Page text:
Admiral Trench, a Separatist leader, appeared in Season 1 of The Clone Wars. Despite making an immediate positive impression on fans as an intriguing villain, Trench's ship is destroyed at the end of an episode as torpedoes blast apart the bridge where he was located. Viewers deemed him to be dead and grieved such a quick loss of an interesting new character. To their surprise, Trench had miraculously survived the direct bombardment of missiles, and resurfaced in Season 6 of The Clone Wars, complete with a robotic arm and eye - but very much alive.
Aurra Sing. During her attempt to help Boba Fett kill Mace Windu, Sing crashed the Slave I and was presumed dead by the Jedi. Sing was salvaged from the wreckage and made future appearances on the show.
Echo, an ARC Trooper, was thought to have died during the Citadel Arc in Season 4. Echo appeared in several episodes throughout the series, and appeared to have a heroic end, battling to protect his comrades and putting himself at severe risk, a move that eventually resulted in him being caught in the explosion of a shuttle. Echo's helmet is shown after the explosion, signaling his death to his companions. And while Echo never returned on the show, concept art from Dave Filoni for unreleased episodes showed that, had the series not been canceled, a revelation of Echo's survival would have occurred.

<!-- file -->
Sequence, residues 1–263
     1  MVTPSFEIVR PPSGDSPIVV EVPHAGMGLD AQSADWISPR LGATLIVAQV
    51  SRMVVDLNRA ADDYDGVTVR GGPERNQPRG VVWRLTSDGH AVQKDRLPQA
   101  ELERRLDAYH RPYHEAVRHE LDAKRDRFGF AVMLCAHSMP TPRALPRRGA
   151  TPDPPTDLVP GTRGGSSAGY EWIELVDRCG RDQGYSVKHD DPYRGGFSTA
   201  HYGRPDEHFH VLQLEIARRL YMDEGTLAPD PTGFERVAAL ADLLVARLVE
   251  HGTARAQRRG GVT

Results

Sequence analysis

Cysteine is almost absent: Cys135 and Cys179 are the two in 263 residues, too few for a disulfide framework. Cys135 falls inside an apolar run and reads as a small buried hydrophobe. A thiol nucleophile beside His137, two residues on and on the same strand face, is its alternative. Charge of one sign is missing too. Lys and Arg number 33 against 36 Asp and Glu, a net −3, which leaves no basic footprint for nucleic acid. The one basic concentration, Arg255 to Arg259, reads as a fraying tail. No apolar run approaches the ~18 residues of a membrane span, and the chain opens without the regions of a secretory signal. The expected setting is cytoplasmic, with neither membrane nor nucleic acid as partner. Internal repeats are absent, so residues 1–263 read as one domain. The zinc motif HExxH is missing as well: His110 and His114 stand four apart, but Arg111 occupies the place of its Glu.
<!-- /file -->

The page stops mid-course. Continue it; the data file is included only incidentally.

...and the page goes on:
Of these, Darth Maul is the most important example, simply because his apparent death appeared in a Star Wars film long before The Clone Wars was even conceptualized. But all of these examples are either George's ideas or were created under his oversight and permission.
I understand the criticism of bringing a character back when we all concluded was that they were deceased. The argument that it cheapens the story, lowers the stakes, and demolishes suspense are all very valid opinions. I'm not even saying that I disagree. But I am acknowledging that the standard has changed. The Clone Wars has shown that George Lucas's dead don't always stay dead. As we look at a evolving Star Wars film landscape with a need for spin-off films, it's hard to ignore the desire of an actor as renowned and respected as Samuel L. Jackson to return to the franchise. At the moment, I can't fathom a plot that could exist for Mace after Revenge of the Sith, even if he did survive. But what I can't rule out is the possibility.